Watch nearly seven hours of transit time in less than twenty seconds! This time lapse movie from ESA TV shows the transit of Venus as experienced under the midnight sun, 78 degrees north from the Arctic island of Svalbard. Interference from cloud gives an eerie feel to the scene.
Tag Archives: Venus transit 2012
Transiting the midnight sun
Our last transit of Venus, the movie
The anticipation and excitement of watching the transit of Venus under the midnight Sun in the high northern latitudes of Svalbard is portrayed nicely in this short film by Lightcurve Films, in association with the European Planetology Network. Lightcurve Films produced six short films about the transit, four of which were shot on location in Svalbard earlier this week. Watch all six here: http://vimeo.com/channels/ourlasttransitofvenus/
Hinode’s view of the transit
The international Sun-watching spacecraft Hinode caught this stunning view of Venus entering the solar disc on 5-6 June. More Hinode transit images are available here.
The transit from Budapest
Last contact for 105 years
Venus Express and the transit of Venus
ESA's Venus Express project scientist Håkan Svedhem observes the transit of Venus from Svalbard as Venus Express – the only spacecraft orbiting Venus at the moment – prepares to take its solar occultation measurements. During these measurements sunlight will filter through Venus' atmosphere, revealing the concentration of different gas molecules at different altitudes. This technique is also used to probe the atmospheres of planets outside of our Solar System – exoplanets – to determine their potential habitability. Simultaneous ground-based measurements will be compared with Venus Express data to test techniques used to characterise rocky Earth-sized planets.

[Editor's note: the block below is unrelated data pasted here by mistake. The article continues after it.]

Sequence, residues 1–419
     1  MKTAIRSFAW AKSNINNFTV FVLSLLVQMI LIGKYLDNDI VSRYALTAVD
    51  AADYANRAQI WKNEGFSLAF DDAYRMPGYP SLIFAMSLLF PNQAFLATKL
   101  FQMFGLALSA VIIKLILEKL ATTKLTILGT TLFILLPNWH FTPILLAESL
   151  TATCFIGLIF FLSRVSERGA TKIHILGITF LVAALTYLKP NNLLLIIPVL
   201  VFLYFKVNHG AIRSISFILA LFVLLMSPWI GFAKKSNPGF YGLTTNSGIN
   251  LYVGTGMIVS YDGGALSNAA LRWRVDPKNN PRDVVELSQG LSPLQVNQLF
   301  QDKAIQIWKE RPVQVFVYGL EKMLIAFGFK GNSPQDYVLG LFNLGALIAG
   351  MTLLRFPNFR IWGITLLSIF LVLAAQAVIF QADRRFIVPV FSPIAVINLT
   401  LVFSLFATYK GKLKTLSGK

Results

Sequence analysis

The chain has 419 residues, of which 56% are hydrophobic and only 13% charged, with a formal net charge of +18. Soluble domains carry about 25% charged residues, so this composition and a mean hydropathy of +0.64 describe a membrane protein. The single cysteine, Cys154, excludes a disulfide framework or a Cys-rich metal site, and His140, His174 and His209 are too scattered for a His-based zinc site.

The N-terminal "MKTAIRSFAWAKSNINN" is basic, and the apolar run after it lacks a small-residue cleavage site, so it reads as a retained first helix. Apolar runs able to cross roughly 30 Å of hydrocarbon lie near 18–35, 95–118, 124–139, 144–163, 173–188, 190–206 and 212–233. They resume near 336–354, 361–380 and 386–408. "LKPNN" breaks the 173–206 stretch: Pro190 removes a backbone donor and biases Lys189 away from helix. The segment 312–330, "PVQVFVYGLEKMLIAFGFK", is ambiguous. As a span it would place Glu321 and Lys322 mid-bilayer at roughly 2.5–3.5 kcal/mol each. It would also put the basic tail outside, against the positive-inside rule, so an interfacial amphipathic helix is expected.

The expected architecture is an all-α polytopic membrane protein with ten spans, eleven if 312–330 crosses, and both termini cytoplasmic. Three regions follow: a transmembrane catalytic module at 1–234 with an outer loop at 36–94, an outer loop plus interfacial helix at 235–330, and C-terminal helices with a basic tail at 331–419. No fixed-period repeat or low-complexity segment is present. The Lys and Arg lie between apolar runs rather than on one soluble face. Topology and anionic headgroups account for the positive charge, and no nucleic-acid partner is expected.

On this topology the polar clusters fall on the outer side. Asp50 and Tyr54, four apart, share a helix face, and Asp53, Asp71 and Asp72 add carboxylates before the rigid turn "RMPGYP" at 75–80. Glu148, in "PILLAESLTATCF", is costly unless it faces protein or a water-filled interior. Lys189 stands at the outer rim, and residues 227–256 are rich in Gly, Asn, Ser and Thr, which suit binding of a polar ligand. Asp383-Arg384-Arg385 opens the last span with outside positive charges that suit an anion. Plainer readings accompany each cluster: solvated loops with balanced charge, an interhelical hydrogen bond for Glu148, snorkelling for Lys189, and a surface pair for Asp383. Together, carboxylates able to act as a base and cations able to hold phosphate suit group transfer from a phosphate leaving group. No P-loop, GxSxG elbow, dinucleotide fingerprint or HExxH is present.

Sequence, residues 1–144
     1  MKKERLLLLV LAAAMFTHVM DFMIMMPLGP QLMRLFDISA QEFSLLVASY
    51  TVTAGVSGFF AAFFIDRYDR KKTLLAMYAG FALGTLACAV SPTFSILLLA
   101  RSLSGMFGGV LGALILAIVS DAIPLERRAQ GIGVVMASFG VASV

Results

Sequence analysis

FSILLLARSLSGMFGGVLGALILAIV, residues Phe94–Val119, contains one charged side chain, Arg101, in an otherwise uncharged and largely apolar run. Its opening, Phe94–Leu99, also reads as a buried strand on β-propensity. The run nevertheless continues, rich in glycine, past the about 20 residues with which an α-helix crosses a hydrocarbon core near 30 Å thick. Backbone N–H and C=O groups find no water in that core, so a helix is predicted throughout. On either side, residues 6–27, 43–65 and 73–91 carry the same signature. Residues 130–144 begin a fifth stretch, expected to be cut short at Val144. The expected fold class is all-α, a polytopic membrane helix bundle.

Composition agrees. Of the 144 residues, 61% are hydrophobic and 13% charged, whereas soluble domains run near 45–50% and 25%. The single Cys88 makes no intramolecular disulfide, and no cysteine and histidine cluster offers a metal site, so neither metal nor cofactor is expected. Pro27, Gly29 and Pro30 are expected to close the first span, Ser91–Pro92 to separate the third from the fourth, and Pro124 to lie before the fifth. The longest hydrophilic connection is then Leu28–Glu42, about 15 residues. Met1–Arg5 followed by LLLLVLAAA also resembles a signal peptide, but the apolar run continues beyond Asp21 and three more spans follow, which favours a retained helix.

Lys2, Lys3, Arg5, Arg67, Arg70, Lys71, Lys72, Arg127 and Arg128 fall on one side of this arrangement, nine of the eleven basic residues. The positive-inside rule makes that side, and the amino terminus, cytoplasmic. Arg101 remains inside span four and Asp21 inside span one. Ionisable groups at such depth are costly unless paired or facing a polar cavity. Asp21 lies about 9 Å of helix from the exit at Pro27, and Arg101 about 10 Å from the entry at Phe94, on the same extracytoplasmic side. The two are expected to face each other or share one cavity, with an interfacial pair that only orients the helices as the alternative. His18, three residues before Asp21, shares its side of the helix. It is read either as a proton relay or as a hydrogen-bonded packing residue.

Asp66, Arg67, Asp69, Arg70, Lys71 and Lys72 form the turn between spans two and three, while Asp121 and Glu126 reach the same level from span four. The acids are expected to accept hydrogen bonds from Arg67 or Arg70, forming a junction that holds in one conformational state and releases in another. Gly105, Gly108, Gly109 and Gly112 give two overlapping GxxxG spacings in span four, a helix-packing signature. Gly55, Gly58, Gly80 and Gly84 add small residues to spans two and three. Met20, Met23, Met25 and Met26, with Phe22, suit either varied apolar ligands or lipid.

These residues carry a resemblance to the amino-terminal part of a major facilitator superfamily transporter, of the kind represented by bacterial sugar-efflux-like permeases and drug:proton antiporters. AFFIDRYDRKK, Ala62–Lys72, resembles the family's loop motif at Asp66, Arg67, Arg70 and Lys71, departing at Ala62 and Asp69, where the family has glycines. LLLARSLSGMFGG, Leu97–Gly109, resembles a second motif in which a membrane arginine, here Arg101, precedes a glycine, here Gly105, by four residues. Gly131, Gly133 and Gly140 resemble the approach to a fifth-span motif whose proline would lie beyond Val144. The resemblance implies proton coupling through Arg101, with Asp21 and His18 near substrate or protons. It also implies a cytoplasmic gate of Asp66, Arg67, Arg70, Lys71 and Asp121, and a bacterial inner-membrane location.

Proba-2′s ringside seat
Transit of Venus on ESA TV!
Our luck continues in Svalbard and between patchy cloud we are being treated to splendid views of Venus as it passes in front of the Sun. Here's a shot through the ESA TV camera...look closely, it's approaching the 11 o'clock position!
“We got it!”
It may be cloudy, but we were still able to see some of the first moments of the 2012 transit of Venus here in Svalbard thanks to ESAC's Michel Breitfellner and Miguel Perez Ayucar, who have solar and optical telescopes equipped with cameras. Their images from Svalbard and from colleagues located on the other side of the world in Canberra, Australia, will be uploaded here throughout the night, so do keep watching!
Proba-2 sees Venus approach the Sun
Proba-2's SWAP imager sees clearly the first signs of the Venus disc in its field of view, at 1945 UT. The Venus disc projection is visible at a distance a little less than 1 solar radii; note this is not an interaction with the solar corona, but the absorption of EUV radiation of the Venus disc between the Sun and the SWAP imager.